Raw steel production in the Great Lakes region hit a new high for 2016, rising to 656,000 tons last week.
Local steel output has been recovering this year after imports grabbed a record-breaking 29 percent of total market share last year. Imports were down to only 23 percent of the market share last month, and Great Lakes production has risen in eight of the 11 weeks so far this year.
Great Lakes steel output rose by 25,000 tons, or 3.9 percent, in the week that ended Saturday, according to an American Iron and Steel Institute estimate. Overall U.S. steel output rose by 2.9 percent during the same period.
Most of the raw steel production in the Great Lakes region takes place in the Chicago area, mainly Lake and Porter counties. Indiana, which also has steelmaking operations in Fort Wayne and Crawfordsville, has led the nation in steel production for 35 straight years, largely because of the big local mills on the Lake Michigan shoreline in the Calumet Region.
Production in the Southern District, which spans mini-mills across the South, rose to 592,000 tons last week, as compared to 576,000 a week before.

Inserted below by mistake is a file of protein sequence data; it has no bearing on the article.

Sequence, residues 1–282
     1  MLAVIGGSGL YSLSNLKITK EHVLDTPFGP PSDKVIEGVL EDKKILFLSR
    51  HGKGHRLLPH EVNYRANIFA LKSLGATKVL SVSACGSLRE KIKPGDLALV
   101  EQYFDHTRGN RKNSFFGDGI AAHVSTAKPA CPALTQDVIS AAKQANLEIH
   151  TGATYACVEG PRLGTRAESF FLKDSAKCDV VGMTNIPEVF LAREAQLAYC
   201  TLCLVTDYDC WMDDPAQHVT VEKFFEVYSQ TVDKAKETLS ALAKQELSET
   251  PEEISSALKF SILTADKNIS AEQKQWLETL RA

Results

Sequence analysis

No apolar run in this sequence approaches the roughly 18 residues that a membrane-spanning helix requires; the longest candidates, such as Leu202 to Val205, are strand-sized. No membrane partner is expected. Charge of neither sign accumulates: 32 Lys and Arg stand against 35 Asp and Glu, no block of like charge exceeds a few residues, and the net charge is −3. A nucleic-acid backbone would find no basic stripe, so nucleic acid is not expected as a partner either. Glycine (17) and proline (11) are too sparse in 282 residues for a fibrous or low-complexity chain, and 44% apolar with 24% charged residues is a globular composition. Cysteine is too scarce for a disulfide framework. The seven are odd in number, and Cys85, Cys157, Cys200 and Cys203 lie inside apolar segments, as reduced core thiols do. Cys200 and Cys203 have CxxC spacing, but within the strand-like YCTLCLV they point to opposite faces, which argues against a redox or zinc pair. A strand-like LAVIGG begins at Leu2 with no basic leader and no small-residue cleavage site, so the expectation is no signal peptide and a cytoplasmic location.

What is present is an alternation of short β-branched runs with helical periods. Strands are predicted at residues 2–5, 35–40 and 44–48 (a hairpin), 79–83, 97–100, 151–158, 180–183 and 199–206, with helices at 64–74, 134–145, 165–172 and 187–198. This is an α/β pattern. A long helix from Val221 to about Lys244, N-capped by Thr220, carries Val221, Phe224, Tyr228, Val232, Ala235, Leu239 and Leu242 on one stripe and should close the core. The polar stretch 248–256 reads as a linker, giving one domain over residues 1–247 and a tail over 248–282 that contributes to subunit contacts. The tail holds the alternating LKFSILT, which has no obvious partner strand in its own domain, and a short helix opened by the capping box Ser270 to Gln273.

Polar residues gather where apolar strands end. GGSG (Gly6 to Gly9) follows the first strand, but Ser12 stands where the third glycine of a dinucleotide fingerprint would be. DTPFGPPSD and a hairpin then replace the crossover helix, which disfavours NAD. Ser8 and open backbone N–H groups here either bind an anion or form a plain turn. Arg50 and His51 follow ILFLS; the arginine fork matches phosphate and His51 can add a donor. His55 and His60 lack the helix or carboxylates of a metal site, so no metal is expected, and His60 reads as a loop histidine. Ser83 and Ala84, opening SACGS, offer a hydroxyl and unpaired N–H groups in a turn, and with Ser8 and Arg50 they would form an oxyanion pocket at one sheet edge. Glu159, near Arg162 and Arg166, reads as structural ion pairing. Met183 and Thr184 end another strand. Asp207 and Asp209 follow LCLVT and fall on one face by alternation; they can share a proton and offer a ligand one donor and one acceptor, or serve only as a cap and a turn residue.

Total U.S. raw steel production last week was about 1.722 million tons, up from 1.673 million tons a week earlier.
Nationally, domestic steel mills had a capacity utilization rate of 73.6 percent last week, up from 71.5 percent a week earlier. The capacity utilization rate had been 67.7 percent at the same time a year earlier, but some industry analysts say it wouldn’t be healthy unless it were over 90 percent.
Year-to-date steel output in the United States has been 18.1 million net tons, at a capacity utilization rate of 70.1 percent, according to the American Iron and Steel Institute. Output had been 19 million tons at the same time in 2015.